Every person experiences emotions, but some respond to their emotions better than others.

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The first component of emotional intelligence is self-awareness. This is simply the ability to identify your emotions in the moment and understand where they are coming from.

Ask yourself, “What emotions am I feeling right now?” and “What’s causing me to feel this way?” If you can answer those two questions, you are on the right track.

Emotions often come in two main parts: 1) The mental component – the thoughts, attitudes, and beliefs that underlie most of our emotions, and 2) The physical component – the bodily sensations that often accompany different emotional states.

For example, an emotion such as nervousness may be a mixture of certain thoughts (“I’m not good at this” or “I’m scared I’m going to make a mistake”) as well as certain physical sensations in our bodies (a fluttery feeling in our stomach, ie “I have butterflies in my stomach”).

There are many different ways to classify our emotions; but ultimately, the more you improve your emotional vocabulary, the easier it will be to correctly identify what you are feeling.

One simple and useful model for categorizing emotions is the “valence” vs. “arousal” dimensions. Every emotion falls somewhere between “positive” vs. “negative” (“feels good” vs. “feels bad”) and “high arousal” vs. “low arousal” (“energizing” vs. “lethargic.”)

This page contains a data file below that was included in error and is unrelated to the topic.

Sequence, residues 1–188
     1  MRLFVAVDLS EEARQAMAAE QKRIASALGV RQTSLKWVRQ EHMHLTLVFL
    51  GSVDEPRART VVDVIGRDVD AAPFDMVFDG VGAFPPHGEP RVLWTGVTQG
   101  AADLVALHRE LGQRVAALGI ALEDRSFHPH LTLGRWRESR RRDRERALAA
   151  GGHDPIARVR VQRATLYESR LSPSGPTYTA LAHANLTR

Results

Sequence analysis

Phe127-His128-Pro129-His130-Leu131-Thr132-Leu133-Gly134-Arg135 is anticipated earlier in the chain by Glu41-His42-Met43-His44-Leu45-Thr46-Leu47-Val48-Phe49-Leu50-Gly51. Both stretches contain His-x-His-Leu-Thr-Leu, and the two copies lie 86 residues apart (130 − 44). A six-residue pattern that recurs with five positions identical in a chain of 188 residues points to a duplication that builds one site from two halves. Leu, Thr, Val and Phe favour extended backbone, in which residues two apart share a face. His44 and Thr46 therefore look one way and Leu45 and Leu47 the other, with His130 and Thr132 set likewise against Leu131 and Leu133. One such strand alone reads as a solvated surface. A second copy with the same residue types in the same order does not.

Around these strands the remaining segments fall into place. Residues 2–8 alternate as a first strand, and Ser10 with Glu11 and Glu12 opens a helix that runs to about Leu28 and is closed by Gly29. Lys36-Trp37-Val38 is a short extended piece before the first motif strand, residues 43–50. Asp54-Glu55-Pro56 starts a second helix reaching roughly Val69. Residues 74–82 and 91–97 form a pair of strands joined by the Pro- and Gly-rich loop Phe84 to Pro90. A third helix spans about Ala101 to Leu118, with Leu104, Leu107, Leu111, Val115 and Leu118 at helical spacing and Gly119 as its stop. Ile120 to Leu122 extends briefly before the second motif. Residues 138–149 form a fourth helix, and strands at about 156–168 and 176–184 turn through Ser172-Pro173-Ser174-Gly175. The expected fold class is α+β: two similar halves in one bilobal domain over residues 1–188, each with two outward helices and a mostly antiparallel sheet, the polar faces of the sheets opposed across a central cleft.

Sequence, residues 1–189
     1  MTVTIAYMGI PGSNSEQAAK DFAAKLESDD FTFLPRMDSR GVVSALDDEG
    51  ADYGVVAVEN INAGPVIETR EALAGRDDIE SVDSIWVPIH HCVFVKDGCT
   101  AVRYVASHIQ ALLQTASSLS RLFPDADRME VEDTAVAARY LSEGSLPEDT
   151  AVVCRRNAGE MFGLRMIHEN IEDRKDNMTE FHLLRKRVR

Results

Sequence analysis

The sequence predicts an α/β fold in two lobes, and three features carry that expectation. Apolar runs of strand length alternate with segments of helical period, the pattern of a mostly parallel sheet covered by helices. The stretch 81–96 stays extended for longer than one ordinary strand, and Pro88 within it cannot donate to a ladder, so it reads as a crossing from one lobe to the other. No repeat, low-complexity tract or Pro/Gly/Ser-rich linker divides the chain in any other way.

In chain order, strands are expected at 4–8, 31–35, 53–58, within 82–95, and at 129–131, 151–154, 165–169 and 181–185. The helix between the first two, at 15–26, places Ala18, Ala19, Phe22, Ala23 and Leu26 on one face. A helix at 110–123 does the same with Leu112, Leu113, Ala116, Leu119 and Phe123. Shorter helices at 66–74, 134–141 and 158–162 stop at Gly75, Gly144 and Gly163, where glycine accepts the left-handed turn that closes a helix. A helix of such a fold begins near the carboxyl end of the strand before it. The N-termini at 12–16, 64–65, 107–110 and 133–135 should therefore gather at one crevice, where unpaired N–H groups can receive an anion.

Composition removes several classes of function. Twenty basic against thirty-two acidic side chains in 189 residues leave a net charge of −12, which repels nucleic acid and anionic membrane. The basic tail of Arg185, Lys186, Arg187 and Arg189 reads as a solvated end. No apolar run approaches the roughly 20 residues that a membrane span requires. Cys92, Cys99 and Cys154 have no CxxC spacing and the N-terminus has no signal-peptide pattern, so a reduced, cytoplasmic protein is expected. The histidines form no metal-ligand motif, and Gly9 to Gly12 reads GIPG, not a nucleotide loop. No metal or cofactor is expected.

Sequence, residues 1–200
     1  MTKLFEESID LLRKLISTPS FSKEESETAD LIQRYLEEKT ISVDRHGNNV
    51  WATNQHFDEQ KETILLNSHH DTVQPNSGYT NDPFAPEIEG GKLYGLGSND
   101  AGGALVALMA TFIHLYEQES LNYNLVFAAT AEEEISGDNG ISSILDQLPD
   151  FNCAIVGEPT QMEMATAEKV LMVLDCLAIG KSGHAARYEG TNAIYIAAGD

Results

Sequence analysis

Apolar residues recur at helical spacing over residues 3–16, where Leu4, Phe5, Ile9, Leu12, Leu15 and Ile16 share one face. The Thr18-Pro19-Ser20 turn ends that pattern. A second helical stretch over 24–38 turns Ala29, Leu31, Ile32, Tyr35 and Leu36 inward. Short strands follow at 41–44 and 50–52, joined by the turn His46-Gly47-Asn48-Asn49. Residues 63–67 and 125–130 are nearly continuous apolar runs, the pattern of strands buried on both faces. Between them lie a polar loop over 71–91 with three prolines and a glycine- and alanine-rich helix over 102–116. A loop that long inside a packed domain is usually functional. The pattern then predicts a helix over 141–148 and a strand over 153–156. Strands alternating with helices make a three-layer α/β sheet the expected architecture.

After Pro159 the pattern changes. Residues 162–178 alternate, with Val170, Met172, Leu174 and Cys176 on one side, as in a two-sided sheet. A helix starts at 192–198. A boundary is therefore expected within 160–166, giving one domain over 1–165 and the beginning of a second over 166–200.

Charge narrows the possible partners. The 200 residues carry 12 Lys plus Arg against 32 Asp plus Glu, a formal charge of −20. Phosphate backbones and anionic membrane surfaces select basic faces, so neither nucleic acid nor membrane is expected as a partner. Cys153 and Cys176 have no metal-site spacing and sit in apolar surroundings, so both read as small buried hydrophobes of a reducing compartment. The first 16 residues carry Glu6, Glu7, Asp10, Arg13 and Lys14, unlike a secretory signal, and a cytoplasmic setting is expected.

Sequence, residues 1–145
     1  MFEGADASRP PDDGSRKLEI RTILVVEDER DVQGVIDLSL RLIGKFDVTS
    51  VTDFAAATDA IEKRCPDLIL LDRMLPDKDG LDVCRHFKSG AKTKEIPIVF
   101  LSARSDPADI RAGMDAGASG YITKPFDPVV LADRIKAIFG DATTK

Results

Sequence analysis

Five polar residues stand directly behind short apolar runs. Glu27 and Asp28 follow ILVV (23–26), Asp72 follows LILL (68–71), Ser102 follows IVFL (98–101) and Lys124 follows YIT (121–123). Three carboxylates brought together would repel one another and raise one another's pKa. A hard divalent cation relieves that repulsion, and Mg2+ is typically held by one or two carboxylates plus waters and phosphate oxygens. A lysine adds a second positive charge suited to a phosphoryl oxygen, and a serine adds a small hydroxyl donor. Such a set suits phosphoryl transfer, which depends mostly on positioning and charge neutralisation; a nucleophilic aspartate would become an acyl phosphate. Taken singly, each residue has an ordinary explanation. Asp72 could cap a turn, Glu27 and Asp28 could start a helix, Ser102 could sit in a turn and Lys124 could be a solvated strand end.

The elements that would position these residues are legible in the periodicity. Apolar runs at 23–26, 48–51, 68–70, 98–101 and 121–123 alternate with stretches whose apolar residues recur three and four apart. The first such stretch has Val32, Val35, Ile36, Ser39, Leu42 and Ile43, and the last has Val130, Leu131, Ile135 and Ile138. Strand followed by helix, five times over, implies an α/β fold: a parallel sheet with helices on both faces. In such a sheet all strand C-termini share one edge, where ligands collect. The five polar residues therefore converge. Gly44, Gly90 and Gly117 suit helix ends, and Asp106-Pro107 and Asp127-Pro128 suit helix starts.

That’s a basic view of emotions, but it’s a useful guideline.

In general, pay attention to the physical and mental components behind each emotion. The more you learn from them and become familiar with them, the quicker you can take note of how you’re feeling and respond accordingly in the moment.

The simple act of accepting and acknowledging our emotions is sometimes enough to lessen their power over us.

In one fascinating study, psychologists found that labeling your emotions in the moment can help you overcome them.

When participants with a fear of spiders were asked to approach an open container with a tarantula, the group that was instructed to describe their emotions openly and honestly (“I’m anxious and terrified by the ugly spider”), were able to dampen their fears more and walk closer to the tarantula than groups that were instructed to ignore or suppress their feelings.